Academe, Emotions, Feelings, and Posting

I've largely used this blog, when I post, as a place to mostly work, think, and reflect about technology, teaching, education, and some of the related tools. However, I'm just not able to do that anymore. A series of interesting events experiences wrangled my life, interesting in the sense of intense events, and I'm still processing them.

If you're friends with me on Facebook, then you're already familiar with this. If you're not, then this is largely new.

The long story short is that I've wearied of attempting to pretend that emotions and feelings do not exist, that they do not impact our teaching, learning, scholarship, research, etc. I refuse to pretend any longer that these things do not impact our work, that our intellect and/or reason often serve our emotions and feelings, only we cover it up with intellectual games, scams, and/or justifications. On a surface level, this should be a no brainer--this should make a great deal of sense. We make up narratives that appear to be rational so that we can conform with our culture's overall narrative that all decision making should be based on rationality and sensibility.

Well, folks, just read a bit of Marcuse or Schumacher and it becomes clear quickly that our rationality is bringing us to the brink of destruction more rapidly than we can even measure. But we don't need Marcuse or Schumacher to see and know this: just examine our lives, our alienation, our planet, and the list goes on. I'm not pessimistic about the future of the world, just like I'm not interested in wallowing in sadness or throwing eggs at the oligarchs. They do little after the first five minutes.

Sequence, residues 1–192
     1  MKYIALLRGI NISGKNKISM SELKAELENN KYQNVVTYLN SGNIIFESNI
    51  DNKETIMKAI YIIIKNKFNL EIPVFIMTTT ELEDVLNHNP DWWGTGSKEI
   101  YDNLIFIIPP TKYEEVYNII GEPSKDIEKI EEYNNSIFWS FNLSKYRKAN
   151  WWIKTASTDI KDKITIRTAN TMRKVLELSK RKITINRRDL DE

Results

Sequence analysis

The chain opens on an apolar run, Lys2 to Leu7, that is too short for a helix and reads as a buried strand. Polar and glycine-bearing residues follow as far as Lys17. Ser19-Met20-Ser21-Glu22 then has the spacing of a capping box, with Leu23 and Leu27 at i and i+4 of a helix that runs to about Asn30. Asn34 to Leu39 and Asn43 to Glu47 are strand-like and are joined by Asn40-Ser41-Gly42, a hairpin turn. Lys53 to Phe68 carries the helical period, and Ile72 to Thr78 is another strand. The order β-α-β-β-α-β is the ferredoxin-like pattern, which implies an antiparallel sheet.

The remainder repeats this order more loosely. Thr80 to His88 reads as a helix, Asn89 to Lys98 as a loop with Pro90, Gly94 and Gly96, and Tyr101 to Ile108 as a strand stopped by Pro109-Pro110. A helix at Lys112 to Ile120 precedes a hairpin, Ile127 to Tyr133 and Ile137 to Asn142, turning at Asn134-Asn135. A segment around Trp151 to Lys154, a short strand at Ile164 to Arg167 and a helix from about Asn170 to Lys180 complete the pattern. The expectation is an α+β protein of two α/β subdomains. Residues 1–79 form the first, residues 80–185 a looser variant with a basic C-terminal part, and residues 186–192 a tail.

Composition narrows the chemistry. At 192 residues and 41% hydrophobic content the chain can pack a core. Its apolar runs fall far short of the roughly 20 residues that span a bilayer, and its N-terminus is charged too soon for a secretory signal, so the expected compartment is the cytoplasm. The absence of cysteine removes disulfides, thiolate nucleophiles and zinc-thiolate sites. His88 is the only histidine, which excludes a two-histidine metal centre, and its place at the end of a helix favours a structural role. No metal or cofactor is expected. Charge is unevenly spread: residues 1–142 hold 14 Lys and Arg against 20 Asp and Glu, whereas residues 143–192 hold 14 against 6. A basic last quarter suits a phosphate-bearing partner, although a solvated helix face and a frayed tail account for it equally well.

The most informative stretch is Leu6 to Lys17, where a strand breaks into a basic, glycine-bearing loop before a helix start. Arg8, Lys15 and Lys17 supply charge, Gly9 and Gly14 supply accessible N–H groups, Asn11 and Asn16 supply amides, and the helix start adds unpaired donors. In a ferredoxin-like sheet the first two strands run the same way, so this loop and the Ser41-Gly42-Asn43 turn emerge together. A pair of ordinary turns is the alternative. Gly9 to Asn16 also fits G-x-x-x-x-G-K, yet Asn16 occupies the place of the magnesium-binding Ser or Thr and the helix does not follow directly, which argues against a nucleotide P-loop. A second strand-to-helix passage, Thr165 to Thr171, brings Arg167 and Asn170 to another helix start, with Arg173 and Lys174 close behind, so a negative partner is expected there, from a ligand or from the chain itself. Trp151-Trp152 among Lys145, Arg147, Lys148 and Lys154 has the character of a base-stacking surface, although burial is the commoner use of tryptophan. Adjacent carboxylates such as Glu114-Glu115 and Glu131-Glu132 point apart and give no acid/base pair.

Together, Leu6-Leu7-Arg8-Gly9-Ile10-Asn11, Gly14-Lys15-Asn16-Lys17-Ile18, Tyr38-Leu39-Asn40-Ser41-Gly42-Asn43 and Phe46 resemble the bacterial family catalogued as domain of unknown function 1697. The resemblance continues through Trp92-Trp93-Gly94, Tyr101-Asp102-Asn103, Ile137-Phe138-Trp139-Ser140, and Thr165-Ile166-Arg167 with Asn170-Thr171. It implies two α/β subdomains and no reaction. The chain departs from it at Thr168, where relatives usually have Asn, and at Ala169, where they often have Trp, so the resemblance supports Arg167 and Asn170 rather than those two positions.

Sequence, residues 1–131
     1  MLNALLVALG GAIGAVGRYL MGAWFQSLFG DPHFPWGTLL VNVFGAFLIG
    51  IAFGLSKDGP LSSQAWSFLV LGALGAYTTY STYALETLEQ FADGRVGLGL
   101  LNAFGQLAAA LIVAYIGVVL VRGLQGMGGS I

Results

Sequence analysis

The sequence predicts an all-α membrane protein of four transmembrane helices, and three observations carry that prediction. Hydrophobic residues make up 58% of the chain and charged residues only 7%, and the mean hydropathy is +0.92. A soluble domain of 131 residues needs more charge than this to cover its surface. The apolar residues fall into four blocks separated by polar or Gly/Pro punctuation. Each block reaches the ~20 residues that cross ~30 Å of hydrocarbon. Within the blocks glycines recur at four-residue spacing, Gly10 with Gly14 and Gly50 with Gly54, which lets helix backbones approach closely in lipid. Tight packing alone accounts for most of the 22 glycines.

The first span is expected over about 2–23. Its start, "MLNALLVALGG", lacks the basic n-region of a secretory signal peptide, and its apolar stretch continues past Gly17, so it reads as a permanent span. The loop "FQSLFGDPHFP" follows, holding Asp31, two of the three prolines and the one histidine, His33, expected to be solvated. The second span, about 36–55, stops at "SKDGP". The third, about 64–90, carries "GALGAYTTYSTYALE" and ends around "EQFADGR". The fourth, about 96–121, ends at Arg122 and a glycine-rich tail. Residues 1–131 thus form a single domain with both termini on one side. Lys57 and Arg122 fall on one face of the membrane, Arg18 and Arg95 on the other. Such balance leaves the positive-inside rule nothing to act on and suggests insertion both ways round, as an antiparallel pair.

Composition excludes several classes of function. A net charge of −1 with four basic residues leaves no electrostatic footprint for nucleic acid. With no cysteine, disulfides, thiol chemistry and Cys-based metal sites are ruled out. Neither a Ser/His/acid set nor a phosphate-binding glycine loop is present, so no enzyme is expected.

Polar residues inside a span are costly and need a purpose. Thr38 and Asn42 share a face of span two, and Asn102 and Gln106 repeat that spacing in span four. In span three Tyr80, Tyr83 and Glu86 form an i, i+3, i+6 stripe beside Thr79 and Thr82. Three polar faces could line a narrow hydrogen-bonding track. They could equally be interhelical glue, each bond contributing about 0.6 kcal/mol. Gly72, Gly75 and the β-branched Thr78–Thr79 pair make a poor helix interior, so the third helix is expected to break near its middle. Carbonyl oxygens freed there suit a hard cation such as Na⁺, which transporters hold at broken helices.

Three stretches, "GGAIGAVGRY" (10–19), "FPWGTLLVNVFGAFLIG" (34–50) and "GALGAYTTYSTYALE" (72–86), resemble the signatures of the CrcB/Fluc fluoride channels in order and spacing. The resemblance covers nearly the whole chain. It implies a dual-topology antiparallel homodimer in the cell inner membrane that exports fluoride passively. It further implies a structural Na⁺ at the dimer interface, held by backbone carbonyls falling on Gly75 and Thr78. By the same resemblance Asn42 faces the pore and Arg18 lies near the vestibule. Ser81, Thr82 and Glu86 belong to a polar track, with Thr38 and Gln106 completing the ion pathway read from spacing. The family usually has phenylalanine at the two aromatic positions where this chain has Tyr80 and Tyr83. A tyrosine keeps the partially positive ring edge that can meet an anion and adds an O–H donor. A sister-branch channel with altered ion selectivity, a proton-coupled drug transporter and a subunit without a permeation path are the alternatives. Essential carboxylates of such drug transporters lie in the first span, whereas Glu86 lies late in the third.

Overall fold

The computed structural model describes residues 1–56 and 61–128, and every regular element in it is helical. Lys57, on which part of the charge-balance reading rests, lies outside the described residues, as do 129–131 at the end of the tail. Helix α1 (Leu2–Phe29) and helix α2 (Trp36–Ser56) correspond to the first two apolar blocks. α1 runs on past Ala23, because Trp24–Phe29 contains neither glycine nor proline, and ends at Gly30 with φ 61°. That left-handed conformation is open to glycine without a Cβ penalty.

Over the past couple years, because of my circumstances, I've attempted to do work that was largely only of intellectual interest; there was little emotional involvement. My emotional investment was limited because I was coping--or not--with my step-son's murder and some surrounding trauma and drama. I've not completed one of those projects that was solely of intellectual interest. There are a variety of reasons why, but I've written--and will write more--about that in other places. 

My take away from all this is that rather than attempting to segregate and keep my emotional investments and feeling invested, largely, in my personal life and my intellect controlling my academic work, I need to have academic work and research that connects directly and deeply with my emotional life. How that is going to manifest, I do not know. I don't really care to worry about that at the moment.

In the meantime, though, it is comforting to know that I'll be integrating different parts of me that have each struggled for control. Why fight for one to dominate when they can harness their energy and work together? Also, why should I pretend or act as if a key part of me is not relevant.

I have little doubt that this is a no-brainer for most folks. Back when I was doing the intellectual/emotional segregation it was also a no-brainer. However, intellectually understanding something and possessing the capacity, will, or ability to actually do and embody it is another thing entirely.

Net result: my work here, and in my other research and writing, is shifting. We'll see where it goes.

Intense Dog image from Wikimedia commons